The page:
After clearing my mind, thanking God for the appointment, and turning some fearful thoughts into loving thoughts, I continued along my hike.  As I am walking along the trail taking in the peaceful energy the hike was pouring into my soul,  I spot a women taking pictures of flowers along the path.  My interest was immediately spiked and I stopped to say hello:

 

“It is a beautiful day for a hike,” I proclaimed.

 

With a camera hanging around her neck, the women turned to me and responded:

 

“It is a gorgeous day out and the flowers are really talking today.”

 

I was unsure of what she was referencing, but I took a glance at the flowers she was photographing I noticed their beauty, but I was thinking maybe I was deaf as I didn’t hear any of them speaking.  The women, with excitement in hear voice, began showing me the flowers and the light that was reflecting off of them.

 

“When the light reflects perfectly off the flour it is the energy and natures way of communicating with us.”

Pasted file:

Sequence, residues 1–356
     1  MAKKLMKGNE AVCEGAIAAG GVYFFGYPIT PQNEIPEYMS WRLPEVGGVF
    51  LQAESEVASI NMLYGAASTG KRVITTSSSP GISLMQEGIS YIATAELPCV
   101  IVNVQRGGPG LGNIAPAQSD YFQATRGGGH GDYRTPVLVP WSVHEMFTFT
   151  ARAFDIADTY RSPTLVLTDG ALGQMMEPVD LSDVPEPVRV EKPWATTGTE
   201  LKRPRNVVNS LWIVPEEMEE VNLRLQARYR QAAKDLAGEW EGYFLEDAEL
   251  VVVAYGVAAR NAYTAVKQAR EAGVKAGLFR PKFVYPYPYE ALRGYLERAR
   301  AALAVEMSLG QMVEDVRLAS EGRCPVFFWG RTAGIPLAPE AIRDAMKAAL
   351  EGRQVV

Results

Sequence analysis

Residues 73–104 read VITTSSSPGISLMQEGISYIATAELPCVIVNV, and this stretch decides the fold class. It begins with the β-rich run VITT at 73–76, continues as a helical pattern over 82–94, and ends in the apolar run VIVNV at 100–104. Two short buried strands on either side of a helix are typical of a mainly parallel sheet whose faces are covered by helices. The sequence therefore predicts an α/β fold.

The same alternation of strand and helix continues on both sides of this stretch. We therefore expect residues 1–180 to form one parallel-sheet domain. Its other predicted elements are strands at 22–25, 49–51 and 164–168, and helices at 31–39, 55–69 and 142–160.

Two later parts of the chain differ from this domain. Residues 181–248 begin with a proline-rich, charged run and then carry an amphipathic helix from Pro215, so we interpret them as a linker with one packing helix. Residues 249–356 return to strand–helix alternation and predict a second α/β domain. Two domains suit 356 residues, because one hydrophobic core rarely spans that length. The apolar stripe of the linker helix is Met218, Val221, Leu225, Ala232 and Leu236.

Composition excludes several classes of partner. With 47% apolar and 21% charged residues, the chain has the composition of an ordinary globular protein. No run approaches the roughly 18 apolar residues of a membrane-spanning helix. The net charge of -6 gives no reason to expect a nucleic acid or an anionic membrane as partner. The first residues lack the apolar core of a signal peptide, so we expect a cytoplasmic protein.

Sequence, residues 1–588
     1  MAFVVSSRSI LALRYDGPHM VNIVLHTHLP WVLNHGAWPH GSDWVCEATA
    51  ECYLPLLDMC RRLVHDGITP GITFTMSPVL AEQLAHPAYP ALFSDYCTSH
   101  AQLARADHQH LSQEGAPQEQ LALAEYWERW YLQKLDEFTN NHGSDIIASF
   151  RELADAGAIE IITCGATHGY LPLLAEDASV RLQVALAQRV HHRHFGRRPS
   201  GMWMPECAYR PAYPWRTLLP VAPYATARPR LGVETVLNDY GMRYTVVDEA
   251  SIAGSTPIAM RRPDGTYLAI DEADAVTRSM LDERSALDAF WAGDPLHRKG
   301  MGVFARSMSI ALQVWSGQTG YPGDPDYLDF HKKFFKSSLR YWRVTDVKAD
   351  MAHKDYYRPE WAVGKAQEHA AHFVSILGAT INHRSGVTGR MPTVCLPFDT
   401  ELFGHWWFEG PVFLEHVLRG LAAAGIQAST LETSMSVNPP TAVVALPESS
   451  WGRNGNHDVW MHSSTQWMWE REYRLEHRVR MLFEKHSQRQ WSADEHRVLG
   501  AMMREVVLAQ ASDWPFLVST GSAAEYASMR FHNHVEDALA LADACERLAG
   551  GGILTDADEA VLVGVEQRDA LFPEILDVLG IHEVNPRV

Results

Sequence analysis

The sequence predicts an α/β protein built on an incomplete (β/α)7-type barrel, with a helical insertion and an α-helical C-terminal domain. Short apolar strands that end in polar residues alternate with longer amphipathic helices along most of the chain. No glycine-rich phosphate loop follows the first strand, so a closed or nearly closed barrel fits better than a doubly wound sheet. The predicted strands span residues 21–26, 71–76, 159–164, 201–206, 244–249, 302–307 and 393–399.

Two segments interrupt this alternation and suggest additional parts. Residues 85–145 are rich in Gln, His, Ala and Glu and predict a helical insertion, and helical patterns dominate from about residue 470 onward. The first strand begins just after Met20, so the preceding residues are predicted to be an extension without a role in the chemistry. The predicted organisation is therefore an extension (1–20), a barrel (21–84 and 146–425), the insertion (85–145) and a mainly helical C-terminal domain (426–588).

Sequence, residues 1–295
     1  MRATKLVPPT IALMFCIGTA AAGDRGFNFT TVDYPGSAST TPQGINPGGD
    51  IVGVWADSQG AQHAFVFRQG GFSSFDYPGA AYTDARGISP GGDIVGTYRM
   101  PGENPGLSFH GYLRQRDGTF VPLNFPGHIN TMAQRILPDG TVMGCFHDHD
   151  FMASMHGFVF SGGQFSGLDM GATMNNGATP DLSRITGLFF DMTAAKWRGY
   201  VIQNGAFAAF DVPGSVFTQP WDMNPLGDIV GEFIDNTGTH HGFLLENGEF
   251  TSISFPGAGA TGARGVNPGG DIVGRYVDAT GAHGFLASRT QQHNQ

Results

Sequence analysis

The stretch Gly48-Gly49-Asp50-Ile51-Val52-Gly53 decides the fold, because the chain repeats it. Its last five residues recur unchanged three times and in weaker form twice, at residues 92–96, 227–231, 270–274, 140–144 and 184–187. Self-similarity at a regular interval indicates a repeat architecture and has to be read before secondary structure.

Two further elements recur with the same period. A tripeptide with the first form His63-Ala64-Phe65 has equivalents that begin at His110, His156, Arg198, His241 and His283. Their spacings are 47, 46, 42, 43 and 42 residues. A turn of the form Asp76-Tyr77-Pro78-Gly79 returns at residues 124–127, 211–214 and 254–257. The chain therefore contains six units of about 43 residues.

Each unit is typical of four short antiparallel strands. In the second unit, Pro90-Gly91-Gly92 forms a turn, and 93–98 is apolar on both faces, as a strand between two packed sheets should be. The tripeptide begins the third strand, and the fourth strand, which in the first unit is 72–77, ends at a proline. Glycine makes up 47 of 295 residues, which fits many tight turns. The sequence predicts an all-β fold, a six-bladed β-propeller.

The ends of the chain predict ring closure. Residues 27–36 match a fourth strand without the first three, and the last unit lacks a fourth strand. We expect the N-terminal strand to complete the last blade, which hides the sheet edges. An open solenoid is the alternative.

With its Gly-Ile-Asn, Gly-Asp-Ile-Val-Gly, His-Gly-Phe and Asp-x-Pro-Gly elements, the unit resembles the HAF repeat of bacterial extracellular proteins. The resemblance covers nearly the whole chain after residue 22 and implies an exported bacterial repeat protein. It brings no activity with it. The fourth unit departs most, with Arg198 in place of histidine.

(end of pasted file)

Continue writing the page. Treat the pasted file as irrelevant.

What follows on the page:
My initial narrow minded thought was “Ok, sure,”  but since I started my new practice of meditation I have focused on how I can interact with people to a higher level with the aim of allowing me to get the most out of every personal encounter.   I found that every person communicates in a different way.  Some people communicate through language, others through art, music, touch, and even the energy that someone gives out.  When we lack the awareness that communication can come in many different forms, there is a high probability that we will lose out on conversations that could potentially have a profound impact on our life. I decide right at that moment, that I was going to fully indulge myself into this conversation and interaction.  There was something about this women’s energy and the passion I could feel for what she was explaining.  While she continued to show me flowers and point out the reflection of energy coming from them, I opened up my mind and my heart and the lessons I learned were ones that I will carry on with me for a lifetime.